Sunday, May 17, 2015

// // 7 comments

The Garden

​   by Reb Gutman Locks   
   

The Garden

 

     When the body dies and the soul returns to the place from where it came, one of the first things that happens is a Bas Kol comes (a voice from higher Heaven). The soul is asked, "Did you enjoy My world while you were there?"

     If the soul answers, as many do, "What are You nuts? That place there is a mess! What with all the wars and famine and racial strife, not to mention the Muslims killing each other every day, and thousands of other innocent people being slaughtered! Agh!" then that soul will have to come back to this world again and again until it realizes why this world was created.

     The Zohar says, "Just like did Hashem place man (Adam) in the Garden back then, so does He place man in the Garden now, when he repents of his sins busies himself with the Torah"[i]

     When we look at the wars and apparent injustices, and rightfully judge them to be evil we are immediately exiled from the Garden for having eaten of the Tree of the Knowledge of Good and Bad. We then find ourselves in the land where we must work by the sweat of our brow in order to survive.

     When we see all the bad in the world to be the results of G-d allowing man freewill, and that in the end it will all have been for the good, when we look at the beauty here even in the simplest things, we find ourselves back in the Garden of Eden serving the Creator of all.

 



[i]  Zohar 27a 

7 comments:

Anonymous said...

This is nuts and insensitive too. You go comfort a yazidi girl that had been raped by isis, and tell her " in the end it will all have been for the good". And then make sure she doesn't commit suicide or ends up in a mental hospital for the rest of her life.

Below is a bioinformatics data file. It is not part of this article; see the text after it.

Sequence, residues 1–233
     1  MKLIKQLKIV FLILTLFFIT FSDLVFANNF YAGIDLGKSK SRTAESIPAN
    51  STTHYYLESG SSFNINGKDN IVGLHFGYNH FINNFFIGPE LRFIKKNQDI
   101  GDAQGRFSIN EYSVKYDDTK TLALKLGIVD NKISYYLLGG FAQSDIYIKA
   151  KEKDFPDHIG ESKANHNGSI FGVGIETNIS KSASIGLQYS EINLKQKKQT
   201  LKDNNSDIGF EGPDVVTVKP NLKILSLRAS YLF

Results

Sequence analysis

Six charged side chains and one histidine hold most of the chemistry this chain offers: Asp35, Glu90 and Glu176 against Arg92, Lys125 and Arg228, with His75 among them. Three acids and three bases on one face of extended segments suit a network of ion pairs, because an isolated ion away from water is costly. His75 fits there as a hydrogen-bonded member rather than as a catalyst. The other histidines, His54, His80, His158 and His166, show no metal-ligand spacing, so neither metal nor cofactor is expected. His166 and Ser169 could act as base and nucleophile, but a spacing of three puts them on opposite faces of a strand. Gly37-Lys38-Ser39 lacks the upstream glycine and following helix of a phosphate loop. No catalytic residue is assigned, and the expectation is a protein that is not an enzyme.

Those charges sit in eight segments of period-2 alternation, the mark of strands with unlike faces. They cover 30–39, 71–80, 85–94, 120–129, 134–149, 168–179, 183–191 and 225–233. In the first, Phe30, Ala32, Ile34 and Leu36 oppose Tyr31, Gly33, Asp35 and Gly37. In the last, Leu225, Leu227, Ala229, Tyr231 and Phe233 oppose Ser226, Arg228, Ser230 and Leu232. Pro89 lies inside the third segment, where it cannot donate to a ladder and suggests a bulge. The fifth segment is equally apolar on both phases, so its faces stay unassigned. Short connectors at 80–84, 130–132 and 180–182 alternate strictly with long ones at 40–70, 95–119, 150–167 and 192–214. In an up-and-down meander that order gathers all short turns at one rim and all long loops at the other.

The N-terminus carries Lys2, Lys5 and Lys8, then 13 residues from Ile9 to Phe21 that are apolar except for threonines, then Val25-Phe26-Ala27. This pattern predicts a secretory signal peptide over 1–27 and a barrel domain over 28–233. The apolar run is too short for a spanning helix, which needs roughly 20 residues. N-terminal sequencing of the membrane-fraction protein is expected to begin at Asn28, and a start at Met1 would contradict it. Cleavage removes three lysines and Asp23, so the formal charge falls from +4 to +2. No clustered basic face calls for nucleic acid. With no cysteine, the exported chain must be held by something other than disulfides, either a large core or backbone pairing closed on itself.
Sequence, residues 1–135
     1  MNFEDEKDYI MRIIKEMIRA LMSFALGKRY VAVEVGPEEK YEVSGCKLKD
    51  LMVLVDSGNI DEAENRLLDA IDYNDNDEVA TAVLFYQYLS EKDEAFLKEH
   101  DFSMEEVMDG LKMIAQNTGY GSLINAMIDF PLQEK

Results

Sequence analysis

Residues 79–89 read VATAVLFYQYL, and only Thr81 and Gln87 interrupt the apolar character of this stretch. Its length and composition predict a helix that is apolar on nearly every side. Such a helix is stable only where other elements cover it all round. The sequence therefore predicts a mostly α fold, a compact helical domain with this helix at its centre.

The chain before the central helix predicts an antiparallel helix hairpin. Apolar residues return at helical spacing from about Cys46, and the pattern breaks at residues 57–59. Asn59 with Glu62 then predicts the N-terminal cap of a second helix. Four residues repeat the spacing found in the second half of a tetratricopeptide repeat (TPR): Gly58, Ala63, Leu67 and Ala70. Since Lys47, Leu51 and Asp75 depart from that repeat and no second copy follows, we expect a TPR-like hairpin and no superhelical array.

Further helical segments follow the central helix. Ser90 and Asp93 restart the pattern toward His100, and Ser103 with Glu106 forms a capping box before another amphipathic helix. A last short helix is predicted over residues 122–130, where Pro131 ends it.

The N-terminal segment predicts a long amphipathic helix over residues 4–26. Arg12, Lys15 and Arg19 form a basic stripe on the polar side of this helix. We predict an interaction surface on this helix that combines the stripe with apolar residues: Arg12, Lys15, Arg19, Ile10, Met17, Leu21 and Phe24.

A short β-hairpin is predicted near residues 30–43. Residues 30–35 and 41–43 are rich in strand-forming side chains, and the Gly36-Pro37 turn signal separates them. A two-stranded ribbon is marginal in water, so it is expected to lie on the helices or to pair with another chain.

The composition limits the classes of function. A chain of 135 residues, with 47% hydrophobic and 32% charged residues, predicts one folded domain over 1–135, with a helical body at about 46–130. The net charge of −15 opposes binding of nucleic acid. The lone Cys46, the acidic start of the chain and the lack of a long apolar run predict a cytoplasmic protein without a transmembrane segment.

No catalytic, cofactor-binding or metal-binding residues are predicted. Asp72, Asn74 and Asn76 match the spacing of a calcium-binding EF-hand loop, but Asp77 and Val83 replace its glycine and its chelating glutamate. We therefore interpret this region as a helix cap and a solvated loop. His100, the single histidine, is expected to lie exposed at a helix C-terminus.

If you want to make this world better - do it by acting good, (which perhaps you do) not by trying to make belief all is good.

I respect the good things you do and teach, but what you write here is highly offensive to people who have experienced suffering like you haven't.

Gutman said...

Do you remember Rabbi Akiva? "Gam ze'letova" This is also for the good. When you focus on the pain of the moment you see only evil. This is why he began his saying with "Also," Also this that does not look to be for the good, in the end you will see to be for the good. I didn't invent the idea. It has been around since man has been created. Be well

s said...

There is a lot of pain and evil, but there is also goodness and beauty in the world. Besides looking at the negative in this world, we should also look at the beauty in this world. Of course, we shouldn't ignore the evil, we should eradicate it. But don't despair, redemption is coming

Anonymous said...

I think it depends on one's definition of 'good'. I do not myself think that excruciating pain, whether physical or mental, could ever be considered good (ie comfortable or pleasant) at the time of sufferance. Even after the fact, I would most likely feel traumatised upon recall.

Anonymous said...

Gutman:
Rabbi Akiva said it about his own suffering, not about other people's suffering. That would be chutzpa. Also, Rabbi Akiva was one of a kind, whose goal in life was to die al kidush Hashem. That cannot be said about everyone, including big tzadikim (even Avraham Avinu did not have this goal in life). There are few individuals like that in every generation, but preaching that ideology to most people would help land them in a mental institution. Be careful. Perhaps there is place to mention that such an idea exists, but not to preach it loudly the way you do. People will either get pissed off (that's ok) or go mad if they really take the idea to heart. And they won't even leave comments here.
Be well.

Gutman said...

With all due respect, I did not write that teaching from the Zohar, and surely it is proper to quote such a source. "Think good, and it will be good" is a wise Yiddish saying that really teaches the same thing.

LondonMale said...

I think a main way one can interpret this is through reincarnation. Not the only way, but the main way.
It cannot have been "Good" to have been in the Shoah.
But there are those who say the 6M martyrs needed to be "Sacrificed" in order to be re-born into new bodies living in Israel.
I cannot say their suffering was "Good", I cannot say their pain was anything less than awful, but maybe it was part of a deep spiritual acccounting?

Related Posts with Thumbnails